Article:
SLC Bike Collective: It’s not about the Bike

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James Kirk (center) leads a Monday night class, teaching SLC Bike Collective frequenters Max Gallant (L) and Luke MacFarlane (R) about headset removal and installation. Photo: John Barkiple

Hailey Broussard has five kids, and, until 2008, taking care of them was her sole occupation. “I knew how to be Betty Crocker, and little else,” she says. She does not consider herself a cyclist, though she now spends every weekday leading mountain bike trips and wrenching on dummy bikes in a classroom of kids. As the youth director of the Salt Lake City Bicycle Collective, Broussard’s job revolves around bikes, but she and others at the Collective argue that the bicycle is part of a larger equation. It is a vehicle for getting around and a vehicle for building a connected and complex community.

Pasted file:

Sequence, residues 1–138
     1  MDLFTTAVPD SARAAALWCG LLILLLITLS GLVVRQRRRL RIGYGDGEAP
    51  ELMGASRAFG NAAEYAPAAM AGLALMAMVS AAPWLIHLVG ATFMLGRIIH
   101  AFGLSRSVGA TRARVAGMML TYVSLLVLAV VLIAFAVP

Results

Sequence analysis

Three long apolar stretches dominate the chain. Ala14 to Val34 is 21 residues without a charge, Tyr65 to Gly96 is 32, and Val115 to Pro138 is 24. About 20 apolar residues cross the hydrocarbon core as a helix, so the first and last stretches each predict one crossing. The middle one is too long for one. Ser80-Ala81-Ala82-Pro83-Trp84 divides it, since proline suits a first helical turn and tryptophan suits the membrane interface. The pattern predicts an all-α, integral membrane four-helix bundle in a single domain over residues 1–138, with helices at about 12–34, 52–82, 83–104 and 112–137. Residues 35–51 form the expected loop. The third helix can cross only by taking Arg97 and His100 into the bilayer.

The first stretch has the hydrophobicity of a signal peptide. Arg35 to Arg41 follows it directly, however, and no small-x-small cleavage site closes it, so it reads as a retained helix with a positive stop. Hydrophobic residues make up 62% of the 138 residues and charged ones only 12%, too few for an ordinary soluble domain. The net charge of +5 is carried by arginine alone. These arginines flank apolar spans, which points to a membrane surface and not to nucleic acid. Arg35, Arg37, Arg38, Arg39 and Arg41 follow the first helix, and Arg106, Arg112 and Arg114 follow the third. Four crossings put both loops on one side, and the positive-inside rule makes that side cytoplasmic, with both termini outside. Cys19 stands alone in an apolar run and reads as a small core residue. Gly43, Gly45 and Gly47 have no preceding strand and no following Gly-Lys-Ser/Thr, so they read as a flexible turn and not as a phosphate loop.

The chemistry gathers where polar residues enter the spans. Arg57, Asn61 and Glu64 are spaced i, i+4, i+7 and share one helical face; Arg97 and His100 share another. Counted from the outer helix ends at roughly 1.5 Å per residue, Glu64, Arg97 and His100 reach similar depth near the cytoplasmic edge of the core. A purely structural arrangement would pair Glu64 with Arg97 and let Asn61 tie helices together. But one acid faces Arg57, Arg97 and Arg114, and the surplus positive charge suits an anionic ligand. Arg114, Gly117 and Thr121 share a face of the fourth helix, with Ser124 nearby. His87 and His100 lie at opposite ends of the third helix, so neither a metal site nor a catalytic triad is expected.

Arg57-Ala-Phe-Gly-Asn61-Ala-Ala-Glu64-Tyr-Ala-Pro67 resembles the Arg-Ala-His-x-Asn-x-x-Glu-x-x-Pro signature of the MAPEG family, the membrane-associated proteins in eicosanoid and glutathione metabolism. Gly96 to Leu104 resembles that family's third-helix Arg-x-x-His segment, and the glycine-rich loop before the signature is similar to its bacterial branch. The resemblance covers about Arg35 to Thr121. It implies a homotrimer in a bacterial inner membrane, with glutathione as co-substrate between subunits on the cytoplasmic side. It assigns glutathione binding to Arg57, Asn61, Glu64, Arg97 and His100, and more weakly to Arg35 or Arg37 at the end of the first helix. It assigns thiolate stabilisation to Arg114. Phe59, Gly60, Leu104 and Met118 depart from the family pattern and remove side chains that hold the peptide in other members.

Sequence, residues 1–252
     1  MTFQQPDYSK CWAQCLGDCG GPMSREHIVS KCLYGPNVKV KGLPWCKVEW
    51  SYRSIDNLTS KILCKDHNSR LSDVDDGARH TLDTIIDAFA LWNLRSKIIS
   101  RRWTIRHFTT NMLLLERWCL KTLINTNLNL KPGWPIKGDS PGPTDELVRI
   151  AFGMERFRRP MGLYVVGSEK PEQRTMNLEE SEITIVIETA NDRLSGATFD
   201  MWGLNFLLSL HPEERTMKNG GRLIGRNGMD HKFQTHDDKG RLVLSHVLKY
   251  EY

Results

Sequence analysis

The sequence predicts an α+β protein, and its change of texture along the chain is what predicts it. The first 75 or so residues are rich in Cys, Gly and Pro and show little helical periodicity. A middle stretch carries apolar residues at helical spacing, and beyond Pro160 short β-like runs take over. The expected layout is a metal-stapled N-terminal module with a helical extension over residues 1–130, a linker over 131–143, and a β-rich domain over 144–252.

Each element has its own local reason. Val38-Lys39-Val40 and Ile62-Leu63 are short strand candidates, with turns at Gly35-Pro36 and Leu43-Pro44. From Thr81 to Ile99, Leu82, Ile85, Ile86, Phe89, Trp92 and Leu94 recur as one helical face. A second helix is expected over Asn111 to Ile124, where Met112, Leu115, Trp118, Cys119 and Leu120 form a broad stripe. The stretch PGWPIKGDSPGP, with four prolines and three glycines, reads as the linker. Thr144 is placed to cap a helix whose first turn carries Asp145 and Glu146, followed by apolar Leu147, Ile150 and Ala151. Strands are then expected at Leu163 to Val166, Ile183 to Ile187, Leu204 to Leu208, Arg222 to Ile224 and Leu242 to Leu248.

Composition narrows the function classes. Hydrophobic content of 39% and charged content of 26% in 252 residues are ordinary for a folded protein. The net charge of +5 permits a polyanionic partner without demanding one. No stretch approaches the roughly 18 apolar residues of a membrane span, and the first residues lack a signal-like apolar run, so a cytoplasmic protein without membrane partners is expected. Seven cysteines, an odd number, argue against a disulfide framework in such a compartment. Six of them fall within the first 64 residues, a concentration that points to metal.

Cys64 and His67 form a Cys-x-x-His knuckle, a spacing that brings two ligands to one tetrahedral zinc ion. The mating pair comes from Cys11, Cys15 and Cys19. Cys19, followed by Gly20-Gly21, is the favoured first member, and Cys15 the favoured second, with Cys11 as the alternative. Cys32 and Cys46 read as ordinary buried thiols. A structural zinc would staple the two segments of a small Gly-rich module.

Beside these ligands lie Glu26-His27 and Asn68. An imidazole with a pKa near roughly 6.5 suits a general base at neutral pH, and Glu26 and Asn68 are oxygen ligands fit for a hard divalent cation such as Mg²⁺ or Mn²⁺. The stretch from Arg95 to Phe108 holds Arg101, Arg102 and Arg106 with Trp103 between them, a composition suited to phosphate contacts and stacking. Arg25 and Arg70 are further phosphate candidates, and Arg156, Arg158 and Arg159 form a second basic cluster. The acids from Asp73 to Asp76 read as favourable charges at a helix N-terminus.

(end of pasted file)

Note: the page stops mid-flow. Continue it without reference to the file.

From a loose network of people using borrowed tools and looking to put more butts on bikes, the Bicycle Collective has expanded over the last 11 years into a multi-facility network that enables bicycling on a local, state and national level. The Collective believes in partnerships, which it uses to share knowledge and enhance its programming with elegant, non-monetized tie-ins: Clients of the International Rescue Committee can ride out on bikes donated by the Police Department, tuned by volunteers fulfilling community service hours. It has worked in a big way: The organization has put approximately 10,000 bikes into circulation, and satellite locations in Ogden and Provo have grown into autonomous entities. This summer, the Salt Lake location is expanding to accommodate a full-time classroom and larger office spaces alongside their sales floor and DIY workshop space.